The Black Moth (Chapter 3, page 1 of 9)


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Chapter 3

Wyncham! A stately old house with mullioned windows, standing high on its stone terraces, half-covered by creepers; a house surrounded by lawns, rolling down on the one side to a river that rippled and murmured its way along beneath overhanging trees and a blue sky, over boulders and rocks, so clear and sparkling that the myriad pebbles could be seen deep down on its bed.

In the other direction, the velvet lawns stretched away till they met the orchards and the quiet meadowland.

On two sides the house had its terraces, very white in the sunshine, with stone steps leading down to a miniature lake where waterlilies grew, and where the tiny fish darted to and fro unconcernedly.

Flagged walks there were, running between flower beds a riot of colour, and solemn old trees that had stood there through all the years.

Cool woodland lay beyond the little river, carpeted with dark moss, where in spring the primroses grew. So thick was the foliage of the trees that the sun but penetrated in uneven patches.

Up the terrace walls crept roses, yellow and red, pink and white, and tossed their trailing sprays across the parapet. Over the walls of the house they climbed, mingling with purple clematis, jasmine, and sickly honeysuckle. The air was heavy with their united perfumes, while, wafted from a bed below, came the smoky scent of lavender.

The old house seemed half asleep, basking in the sunlight. Save for a peacock preening its feathers on the terrace steps, there was no sign of life. . . .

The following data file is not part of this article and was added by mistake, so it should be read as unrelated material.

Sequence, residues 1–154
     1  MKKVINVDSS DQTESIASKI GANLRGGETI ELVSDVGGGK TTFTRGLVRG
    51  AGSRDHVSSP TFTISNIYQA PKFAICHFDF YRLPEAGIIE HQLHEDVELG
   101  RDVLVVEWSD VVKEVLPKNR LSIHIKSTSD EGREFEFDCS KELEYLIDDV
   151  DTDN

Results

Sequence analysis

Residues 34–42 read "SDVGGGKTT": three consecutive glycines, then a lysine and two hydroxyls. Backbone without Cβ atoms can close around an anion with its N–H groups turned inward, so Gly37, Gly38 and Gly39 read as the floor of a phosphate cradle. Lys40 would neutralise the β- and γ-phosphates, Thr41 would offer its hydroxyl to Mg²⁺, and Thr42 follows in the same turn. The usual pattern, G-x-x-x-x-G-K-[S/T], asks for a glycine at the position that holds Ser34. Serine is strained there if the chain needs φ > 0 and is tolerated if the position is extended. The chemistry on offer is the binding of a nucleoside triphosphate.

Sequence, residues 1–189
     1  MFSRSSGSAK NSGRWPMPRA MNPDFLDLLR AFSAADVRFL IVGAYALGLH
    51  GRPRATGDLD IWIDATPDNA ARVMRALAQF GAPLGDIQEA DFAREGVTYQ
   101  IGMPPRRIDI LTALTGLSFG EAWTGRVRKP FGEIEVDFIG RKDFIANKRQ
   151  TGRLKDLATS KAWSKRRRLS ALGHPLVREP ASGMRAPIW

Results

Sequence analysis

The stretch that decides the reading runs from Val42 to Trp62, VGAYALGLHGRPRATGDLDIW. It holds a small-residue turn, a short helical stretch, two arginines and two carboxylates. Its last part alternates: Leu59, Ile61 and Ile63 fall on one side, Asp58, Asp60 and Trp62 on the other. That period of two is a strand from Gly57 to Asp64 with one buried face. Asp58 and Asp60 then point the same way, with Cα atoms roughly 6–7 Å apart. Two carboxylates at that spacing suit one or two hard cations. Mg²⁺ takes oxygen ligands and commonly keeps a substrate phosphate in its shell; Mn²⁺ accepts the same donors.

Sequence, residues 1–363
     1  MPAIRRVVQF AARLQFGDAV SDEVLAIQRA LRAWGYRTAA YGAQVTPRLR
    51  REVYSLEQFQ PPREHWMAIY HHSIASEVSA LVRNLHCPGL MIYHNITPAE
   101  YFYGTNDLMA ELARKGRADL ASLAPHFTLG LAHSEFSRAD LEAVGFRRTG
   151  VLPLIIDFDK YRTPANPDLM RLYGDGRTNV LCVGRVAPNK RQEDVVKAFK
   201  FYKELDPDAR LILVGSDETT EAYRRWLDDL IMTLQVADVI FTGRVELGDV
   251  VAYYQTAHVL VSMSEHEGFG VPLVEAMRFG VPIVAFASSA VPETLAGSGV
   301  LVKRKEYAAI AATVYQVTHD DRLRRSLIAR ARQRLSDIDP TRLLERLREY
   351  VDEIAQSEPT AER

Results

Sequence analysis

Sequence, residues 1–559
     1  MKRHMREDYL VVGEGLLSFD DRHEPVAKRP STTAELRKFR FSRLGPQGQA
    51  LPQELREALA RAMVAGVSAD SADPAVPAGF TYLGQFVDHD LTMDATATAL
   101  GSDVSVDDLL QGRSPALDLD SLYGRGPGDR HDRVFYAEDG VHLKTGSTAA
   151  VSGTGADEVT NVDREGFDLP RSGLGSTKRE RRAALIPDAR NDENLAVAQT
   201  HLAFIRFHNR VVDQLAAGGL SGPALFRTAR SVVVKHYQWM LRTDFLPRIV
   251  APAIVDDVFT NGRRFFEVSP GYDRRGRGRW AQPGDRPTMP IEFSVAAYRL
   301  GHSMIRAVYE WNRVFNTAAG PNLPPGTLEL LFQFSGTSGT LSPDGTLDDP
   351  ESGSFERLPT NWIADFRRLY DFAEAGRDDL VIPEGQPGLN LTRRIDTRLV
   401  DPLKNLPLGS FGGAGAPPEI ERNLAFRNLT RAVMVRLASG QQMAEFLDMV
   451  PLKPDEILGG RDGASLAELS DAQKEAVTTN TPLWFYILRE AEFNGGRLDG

The old place had harboured generations of Carstares. Earl had succeeded Earl and reigned supreme, and it was only now that there was no Earl living there. No one knew where he was. Scarce a month ago one died, but the eldest son was not there to take his place. For six years he had been absent, and none dared breathe his name, for he disgraced that name, and the old Earl cast him off and forbade all mention of him. But the poor folk of the countryside remembered him. They would tell one another tales of his reckless courage; his sweet smile and his winning ways; his light-heartedness and his never-failing kindness and good-humour. What a rider he was! To see him sit his horse! What a swordsman! Do ye mind the time he fought young Mr. Welsh over yonder in the spinney with half the countryside watching? Ah, he was a one, was Master Jack! Do ye mind how he knocked the sword clean out o' Mr. Welsh's hand, and then stood waiting for him to pick it up? And do ye mind the way his eyes sparkled, and how he laughed, just for the sheer joy o' living?

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